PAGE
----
En, pitched,' fixed.' It is a word proper unto the erection and establishment of a tabernacle. The fixing of stakes and pillars, with the fastening of cords thereunto, was the principal means of setting up a tabernacle, Isa. liv. 2. The preparation of the human nature or body of Christ is that which is intended. "A body hast thou prepared me," Heb. x. 5. And this body was to be taken down, and folded up for a season, and afterwards to be erected again, without the breaking or loss of any part of it. This of all buildings was peculiar to a tabernacle, and so was it with the body of Christ in his death and resurrection.



o Kuges. The author of this work was the Lord." This is the word or name whereby the writers of the New Testament do express the name Jehovah. And whereas, in the revelation of that name, God declared that self-subsisting firmitude and unchangeableness of his nature, whereby he would infallibly give subsistence unto his word, and accomplishment unto his promises, the apostle hath respect unto it in this great work, wherein all the promises of God became yea and Amen. How this tabernacle was prepared and fixed immediately by the Holy Ghost, acting the infinite power of God alone therein, I have at large elsewhere declared.

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It is added negatively, xas x arder, and not man.' Some suppose a pleonasm in the words, and that this expression is redundant. For to say it was pitched by God, sufficiently includes that it was not done by man. But the expression is emphatical, and the apostle hath an especial design in it.


1. The old tabernacle itself may in some sense be said to be pitched by God. It was done by his command, order and direction, as were all other ordinances of his appointment. But it cannot be said that God pitched it and not man, which excludes the whole service and ministry of man. For the ministry of men was used in the preparation, framing and erection of it. But the pitching of this true tabernacle was the work of God alone, without any ministry or service of men. body hast thou prepared me.'


2. The apostle hath an especial respect to the incarnation of Christ, without the concurrence of man in natural generation, This is expressed in answer to that inquiry of the blessed virgin, How shall this be, seeing I know not a man?' Luke i. 34, 35.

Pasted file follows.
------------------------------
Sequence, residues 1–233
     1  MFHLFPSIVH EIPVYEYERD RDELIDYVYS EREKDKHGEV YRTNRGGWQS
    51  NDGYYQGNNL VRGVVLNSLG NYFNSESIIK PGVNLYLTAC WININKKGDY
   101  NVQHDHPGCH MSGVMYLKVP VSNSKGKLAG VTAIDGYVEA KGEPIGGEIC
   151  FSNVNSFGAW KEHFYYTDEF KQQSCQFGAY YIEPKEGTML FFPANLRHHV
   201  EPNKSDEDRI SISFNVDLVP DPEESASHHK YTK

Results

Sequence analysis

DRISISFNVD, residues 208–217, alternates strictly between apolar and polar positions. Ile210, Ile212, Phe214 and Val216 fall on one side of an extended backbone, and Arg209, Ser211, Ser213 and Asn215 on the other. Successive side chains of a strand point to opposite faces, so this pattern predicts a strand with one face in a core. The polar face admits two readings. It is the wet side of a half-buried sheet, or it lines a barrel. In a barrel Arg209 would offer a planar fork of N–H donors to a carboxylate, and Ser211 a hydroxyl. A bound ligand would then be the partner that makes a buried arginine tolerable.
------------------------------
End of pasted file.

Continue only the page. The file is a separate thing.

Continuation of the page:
This was the true tabernacle which the Lord pitched, and whereof Christ is the minister. And we may observe,

Obs. II. That all spiritually sacred and holy things are laid up in Christ.-All the utensils of holy worship of old, all means of sacred light and purification, were all placed and laid up in the tabernacle. And these were all patterns of the heavenly things themselves, which are all laid up in Christ the true tabernacle. They are all inclosed in him, and it will be in vain to seek for them elsewhere. For,

Obs. III. He hath the ministration of all these holy things committed to him. He is the minister both of the sanctuary and tabernacle, and of all things contained in them. Herein he stands ir no need of help or assistance, nor can any take his work out of his hand.

Obs. IV. The human nature of Christ is the only true tabernacle, wherein God would dwell personally and substantially.

The dwelling of God with men, was ever looked on as an infinite condescension. So Solomon expressed it in his prayer

at the dedication of the temple. But will God indeed dwell on the earth? behold, the heaven, and heaven of heavens, caunot contain thee,' 1 Kings viii. 27. But there are various degrees of this condescension, various kinds of this inhabitation of God among men. Under the Old Testament, he dwelt in the tabernacle and temple, by many symbols and pledges of his glorious presence. Such in especial was the ark and mercyseat; whence that which was done before the ark, is said to be done before the Lord, Exod. xxx. 8. This was, as Solomon expresseth it, a great condescension in the infinite, incomprehensible God, and there was a great glory accompanying this his presence. Under the New Testament, God dwelleth in his saints by his Spirit, whereby they become an holy temple to him. And of this inhabitation of God, I have treated elsewhere. But his dwelling in the human nature of Christ is quite of another nature than either of these, and his love, with his condescension, inconceivably more conspicuous than in them. Hence is that expression of our apostle, In him dwelt the fulness of the Godhead bodily,' Col. ii. 9. It is not any sign or token, it is not any effect of the divine power, goodness and grace that dwells in him, but the fulness of the Godhead, that is, the divine nature itself. And this dwelleth in him bodily, that is, by the assumption of the body, or the human nature into personal subsistence with the Son of God. How glorious should this be in our eyes! How did they admire the condescension of God of old, in his dwelling in the tabernacle and temple by the glorious signs of his presence! And yet was it all but a dark representation and shadow of this glorious love and grace, whereby he dwells in our nature in Christ.